The production, though, was filled with truly admirable character work: Jeff De Leon, iconically assured as the love of Chanel's life; Jessica Denney, harrowing as an accused Nazi sympathizer who meets a violent end; Sean Tweedale, whose Jean Cocteau matched Chanel bitch for bitch. McKinley, it was clear, loves actors - you could practically feel the delight he took in letting them own the stage - and they responded to his generosity with panache; even the most minor roles here didn't feel minor. (We're only given one scene that shows Chanel-the-designer at work, but Marianna Caldwell - as a haughty Chanel customer - reacted to a new hat with such glorious comedic fulfillment that her expression said all we needed to know about the designer's talents.)
As McKinley and Luce made clear during Friday's post-show Q&A, they still consider Crème de Coco a work-in-progress, and the production wasn't without its bumpy patches. I could never, for instance, quite figure out the logic behind the memory-play structure. Chanel's first reverie (with her Nazi lover) appears to come in a dream, but afterwards there's a blackout and an extended scene change, at which point we find ourselves in the prefect's office, which leads to another set of flashbacks - exactly where (and when) are we, anyway?
Similarly, the play's breaking of the fourth wall was rather confusing, mostly because it felt so inconsistent; Chanel occasionally speaks directly to the audience, which makes sense, but so do a lot of the play's characters. (It's one thing for memory figures such as the abbess and De Leon's Arthur Capel to reference us directly, but why wouldn't Kloppenborg's Nazi do the same? And why does the "real-life" figure of the prefect deliver asides to the audience?) The internals of Crème de Coco's fantasy elements don't seem fully figured out yet.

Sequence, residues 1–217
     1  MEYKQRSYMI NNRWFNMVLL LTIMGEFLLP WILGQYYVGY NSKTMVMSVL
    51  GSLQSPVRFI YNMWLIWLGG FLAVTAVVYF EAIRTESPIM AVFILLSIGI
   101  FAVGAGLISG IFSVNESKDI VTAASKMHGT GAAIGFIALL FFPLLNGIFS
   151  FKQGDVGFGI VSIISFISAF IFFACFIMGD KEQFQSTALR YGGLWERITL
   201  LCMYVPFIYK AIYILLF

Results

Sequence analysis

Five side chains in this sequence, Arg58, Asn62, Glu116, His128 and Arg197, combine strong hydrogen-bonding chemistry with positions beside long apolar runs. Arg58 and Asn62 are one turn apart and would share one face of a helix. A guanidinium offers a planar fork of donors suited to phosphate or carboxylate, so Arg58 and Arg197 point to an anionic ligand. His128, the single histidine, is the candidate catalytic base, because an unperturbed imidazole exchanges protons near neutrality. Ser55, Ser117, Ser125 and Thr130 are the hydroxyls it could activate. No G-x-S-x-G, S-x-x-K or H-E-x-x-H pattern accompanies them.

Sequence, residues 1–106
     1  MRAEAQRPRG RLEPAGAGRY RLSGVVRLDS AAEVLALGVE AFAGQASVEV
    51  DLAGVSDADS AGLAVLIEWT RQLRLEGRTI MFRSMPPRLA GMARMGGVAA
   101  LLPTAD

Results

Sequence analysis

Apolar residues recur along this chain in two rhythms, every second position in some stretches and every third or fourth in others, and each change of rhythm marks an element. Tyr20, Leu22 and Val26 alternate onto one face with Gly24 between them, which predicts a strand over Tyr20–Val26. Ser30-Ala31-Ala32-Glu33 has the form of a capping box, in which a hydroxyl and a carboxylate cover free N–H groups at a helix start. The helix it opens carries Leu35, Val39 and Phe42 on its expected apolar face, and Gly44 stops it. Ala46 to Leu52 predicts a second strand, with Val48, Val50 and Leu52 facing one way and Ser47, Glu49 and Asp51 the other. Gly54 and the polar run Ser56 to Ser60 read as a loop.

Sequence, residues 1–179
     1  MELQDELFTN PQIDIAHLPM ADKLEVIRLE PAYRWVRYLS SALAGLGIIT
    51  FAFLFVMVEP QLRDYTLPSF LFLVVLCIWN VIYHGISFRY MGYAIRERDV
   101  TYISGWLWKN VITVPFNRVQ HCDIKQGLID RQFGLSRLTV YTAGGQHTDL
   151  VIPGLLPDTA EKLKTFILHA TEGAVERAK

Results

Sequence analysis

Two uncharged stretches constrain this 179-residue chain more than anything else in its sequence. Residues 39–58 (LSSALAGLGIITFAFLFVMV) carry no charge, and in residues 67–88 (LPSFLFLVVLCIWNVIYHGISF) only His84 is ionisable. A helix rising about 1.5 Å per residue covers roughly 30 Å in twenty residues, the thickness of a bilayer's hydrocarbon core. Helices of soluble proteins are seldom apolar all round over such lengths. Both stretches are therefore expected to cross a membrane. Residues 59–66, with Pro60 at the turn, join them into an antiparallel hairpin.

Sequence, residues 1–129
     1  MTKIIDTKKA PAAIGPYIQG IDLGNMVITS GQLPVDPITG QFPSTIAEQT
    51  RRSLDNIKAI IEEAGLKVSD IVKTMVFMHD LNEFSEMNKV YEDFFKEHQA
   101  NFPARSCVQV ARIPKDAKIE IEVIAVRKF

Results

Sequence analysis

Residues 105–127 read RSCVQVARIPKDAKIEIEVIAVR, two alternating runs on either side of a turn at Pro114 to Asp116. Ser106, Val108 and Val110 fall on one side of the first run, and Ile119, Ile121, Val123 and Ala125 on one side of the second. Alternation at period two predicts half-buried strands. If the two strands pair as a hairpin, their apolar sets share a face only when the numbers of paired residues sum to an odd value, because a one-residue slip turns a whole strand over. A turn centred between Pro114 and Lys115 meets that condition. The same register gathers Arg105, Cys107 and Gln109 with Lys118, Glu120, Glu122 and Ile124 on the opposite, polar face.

Yet heaven knows the production didn't look like a work-in-progress. Dianne Dye's costumes were extraordinarily fine, and Kristofer Eitrheim's set design was like a costume in itself; with its ravishing golds and fuchsias and blacks, beautifully accentuated by Brad Frazee's gorgeous lighting effects, watching Crème de Coco often felt like falling into a designer gown. And McKinley lent the proceedings a graceful, understated elegance that perfectly matched its design and the frequent wit of Luce's script, which found the audience alternately laughing at the clever verbiage and hushed at the unexpected dramatic heft.
And, of course, there were the actors, led by the divine Kimberly Furness. Over the course of their Broadway careers, Luce and McKinley have been at least partially responsible for three Tony-winning performances thus far. Had Crème de Coco debuted at the Walter Kerr Theatre instead of the Galvin Fine Arts Center - and had Furness been there to debut with it - they might easily have upped that tally to four.